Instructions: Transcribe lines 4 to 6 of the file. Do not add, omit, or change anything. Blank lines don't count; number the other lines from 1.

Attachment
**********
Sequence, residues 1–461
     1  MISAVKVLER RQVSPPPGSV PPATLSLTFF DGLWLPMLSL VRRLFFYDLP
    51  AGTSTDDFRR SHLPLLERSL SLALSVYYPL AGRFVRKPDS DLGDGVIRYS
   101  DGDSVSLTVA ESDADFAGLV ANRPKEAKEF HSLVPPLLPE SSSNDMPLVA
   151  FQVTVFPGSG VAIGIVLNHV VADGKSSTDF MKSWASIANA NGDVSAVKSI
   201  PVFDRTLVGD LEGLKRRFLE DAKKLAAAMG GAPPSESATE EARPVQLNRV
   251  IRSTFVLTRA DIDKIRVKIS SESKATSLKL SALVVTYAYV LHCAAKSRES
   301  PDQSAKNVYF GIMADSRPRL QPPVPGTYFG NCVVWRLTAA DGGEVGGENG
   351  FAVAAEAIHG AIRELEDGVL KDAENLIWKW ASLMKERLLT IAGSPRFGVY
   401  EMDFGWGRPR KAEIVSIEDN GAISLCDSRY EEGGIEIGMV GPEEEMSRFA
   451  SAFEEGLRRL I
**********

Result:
   101  DGDSVSLTVA ESDADFAGLV ANRPKEAKEF HSLVPPLLPE SSSNDMPLVA
   151  FQVTVFPGSG VAIGIVLNHV VADGKSSTDF MKSWASIANA NGDVSAVKSI
   201  PVFDRTLVGD LEGLKRRFLE DAKKLAAAMG GAPPSESATE EARPVQLNRV